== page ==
This paper studies the ratification by Spain, in 1955, of the 1950 Convention for the Protection of Birds. This international agreement established a general protocol for the protection of all wild birds, although it included some exceptions for the capture of certain species that could be harmful to agriculture or hunting, through requesting individual authorisations. I have analysed the possible reasons why the Spanish Government accepted the 1950 Convention at the same time as it passed a law that supported the indiscriminate elimination of different animals that were considered harmful. This latter law, which included most diurnal raptors, had severe consequences for the avifauna. Bibliographic research allows me to suggest that perhaps these seemingly contradictory actions were not casually made. Both originated from the same people and official government departments, whose new utilitarian orientation lacked scientific expertise and usually depended on forestry and hunting management, and the sociopolitical circumstances of the time. Furthermore, the 1950 Convention's own limitations could have had a negative influence, mainly due to the difficulties of implementation and the absence of institutional infrastructure to lobby States into greater involvement.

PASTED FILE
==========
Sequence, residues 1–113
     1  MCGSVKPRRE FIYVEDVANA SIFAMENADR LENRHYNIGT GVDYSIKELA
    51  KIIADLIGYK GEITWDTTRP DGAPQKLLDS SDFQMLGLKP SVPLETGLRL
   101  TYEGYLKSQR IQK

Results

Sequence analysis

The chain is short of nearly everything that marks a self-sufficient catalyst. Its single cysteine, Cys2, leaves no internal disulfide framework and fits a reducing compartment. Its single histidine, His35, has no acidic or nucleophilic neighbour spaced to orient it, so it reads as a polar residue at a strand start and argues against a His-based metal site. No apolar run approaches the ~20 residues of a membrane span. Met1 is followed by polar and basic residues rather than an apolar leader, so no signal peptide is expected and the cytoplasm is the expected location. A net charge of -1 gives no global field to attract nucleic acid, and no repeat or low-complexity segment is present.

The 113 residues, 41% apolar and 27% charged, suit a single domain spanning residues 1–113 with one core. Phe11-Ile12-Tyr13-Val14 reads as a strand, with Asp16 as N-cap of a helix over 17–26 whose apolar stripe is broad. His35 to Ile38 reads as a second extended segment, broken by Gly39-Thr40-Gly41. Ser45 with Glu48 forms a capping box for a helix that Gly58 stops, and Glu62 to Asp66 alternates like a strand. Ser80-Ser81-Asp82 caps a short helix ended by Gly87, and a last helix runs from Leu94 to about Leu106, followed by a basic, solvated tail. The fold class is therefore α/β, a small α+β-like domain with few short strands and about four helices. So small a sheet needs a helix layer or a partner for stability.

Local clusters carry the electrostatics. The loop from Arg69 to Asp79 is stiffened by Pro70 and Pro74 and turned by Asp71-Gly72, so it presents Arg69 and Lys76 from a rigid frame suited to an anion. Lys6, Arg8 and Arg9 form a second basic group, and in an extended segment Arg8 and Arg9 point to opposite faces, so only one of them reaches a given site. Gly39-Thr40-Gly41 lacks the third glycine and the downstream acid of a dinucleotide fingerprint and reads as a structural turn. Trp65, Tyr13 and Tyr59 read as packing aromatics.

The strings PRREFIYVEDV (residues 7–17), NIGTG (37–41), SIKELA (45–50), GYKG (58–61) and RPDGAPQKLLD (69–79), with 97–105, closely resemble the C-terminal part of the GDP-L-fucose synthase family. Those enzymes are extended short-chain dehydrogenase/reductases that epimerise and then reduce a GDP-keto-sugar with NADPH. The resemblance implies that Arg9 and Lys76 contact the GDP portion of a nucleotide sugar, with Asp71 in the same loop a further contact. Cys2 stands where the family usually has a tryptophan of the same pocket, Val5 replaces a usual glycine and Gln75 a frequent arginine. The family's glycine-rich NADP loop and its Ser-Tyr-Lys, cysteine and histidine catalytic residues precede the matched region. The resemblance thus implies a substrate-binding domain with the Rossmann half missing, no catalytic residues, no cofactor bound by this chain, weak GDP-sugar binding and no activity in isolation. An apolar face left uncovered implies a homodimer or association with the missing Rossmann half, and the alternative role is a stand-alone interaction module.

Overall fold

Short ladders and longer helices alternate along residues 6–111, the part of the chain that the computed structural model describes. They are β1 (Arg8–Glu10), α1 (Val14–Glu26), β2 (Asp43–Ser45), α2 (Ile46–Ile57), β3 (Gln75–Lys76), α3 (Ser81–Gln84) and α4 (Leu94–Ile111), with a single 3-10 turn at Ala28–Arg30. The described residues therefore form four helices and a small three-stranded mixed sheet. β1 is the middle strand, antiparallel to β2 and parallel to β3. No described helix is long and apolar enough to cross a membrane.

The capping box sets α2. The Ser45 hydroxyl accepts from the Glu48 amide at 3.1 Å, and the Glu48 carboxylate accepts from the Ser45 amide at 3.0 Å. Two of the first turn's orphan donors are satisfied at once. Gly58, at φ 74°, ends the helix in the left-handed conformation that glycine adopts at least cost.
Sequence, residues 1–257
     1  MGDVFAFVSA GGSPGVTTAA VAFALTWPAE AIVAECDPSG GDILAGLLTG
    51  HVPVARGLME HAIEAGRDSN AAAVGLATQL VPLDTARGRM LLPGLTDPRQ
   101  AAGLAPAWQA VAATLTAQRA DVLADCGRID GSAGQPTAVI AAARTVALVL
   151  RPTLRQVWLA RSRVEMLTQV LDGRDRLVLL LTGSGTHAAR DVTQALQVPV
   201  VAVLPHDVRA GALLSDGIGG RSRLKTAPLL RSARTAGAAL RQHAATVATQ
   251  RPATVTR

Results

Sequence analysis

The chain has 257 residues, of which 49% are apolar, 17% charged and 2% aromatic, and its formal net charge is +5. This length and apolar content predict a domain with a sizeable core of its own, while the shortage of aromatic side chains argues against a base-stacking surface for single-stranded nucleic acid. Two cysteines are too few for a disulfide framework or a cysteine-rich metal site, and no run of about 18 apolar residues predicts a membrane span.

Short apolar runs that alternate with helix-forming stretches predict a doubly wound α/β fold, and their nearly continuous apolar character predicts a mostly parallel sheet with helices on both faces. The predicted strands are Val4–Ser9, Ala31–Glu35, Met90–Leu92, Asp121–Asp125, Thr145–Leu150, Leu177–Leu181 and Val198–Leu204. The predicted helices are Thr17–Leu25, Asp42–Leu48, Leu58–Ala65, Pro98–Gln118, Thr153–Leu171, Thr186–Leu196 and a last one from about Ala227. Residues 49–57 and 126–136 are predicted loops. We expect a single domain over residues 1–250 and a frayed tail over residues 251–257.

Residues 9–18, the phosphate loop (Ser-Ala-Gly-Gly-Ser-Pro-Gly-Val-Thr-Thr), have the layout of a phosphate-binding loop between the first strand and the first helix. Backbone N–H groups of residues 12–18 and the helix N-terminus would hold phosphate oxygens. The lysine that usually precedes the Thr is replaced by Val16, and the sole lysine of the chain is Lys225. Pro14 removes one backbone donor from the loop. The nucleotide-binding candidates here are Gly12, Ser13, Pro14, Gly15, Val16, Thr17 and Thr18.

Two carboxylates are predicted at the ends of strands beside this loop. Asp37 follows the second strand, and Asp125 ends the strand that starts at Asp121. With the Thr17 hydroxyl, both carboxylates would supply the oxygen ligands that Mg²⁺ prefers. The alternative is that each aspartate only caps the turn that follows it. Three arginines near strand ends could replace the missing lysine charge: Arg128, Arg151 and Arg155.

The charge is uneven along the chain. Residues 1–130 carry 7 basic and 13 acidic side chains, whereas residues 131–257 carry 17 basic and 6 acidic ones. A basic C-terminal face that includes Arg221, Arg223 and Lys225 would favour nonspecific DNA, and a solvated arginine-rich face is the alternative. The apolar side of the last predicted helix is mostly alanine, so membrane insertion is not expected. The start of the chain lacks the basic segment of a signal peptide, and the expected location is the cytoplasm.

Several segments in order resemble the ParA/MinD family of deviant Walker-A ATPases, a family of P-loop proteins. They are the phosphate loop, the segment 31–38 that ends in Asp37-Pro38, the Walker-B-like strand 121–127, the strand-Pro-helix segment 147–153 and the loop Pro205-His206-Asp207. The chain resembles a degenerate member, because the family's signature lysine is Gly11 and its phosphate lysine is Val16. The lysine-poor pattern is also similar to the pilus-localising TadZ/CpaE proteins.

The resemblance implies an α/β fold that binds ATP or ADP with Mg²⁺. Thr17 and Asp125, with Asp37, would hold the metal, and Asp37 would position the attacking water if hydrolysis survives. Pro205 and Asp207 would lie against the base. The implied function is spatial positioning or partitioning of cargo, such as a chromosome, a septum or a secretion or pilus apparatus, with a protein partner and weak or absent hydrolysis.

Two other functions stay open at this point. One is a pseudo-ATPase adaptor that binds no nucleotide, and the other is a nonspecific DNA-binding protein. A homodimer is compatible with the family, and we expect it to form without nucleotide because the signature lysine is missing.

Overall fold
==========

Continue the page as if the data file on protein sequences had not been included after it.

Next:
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Vol. 62 • No. 2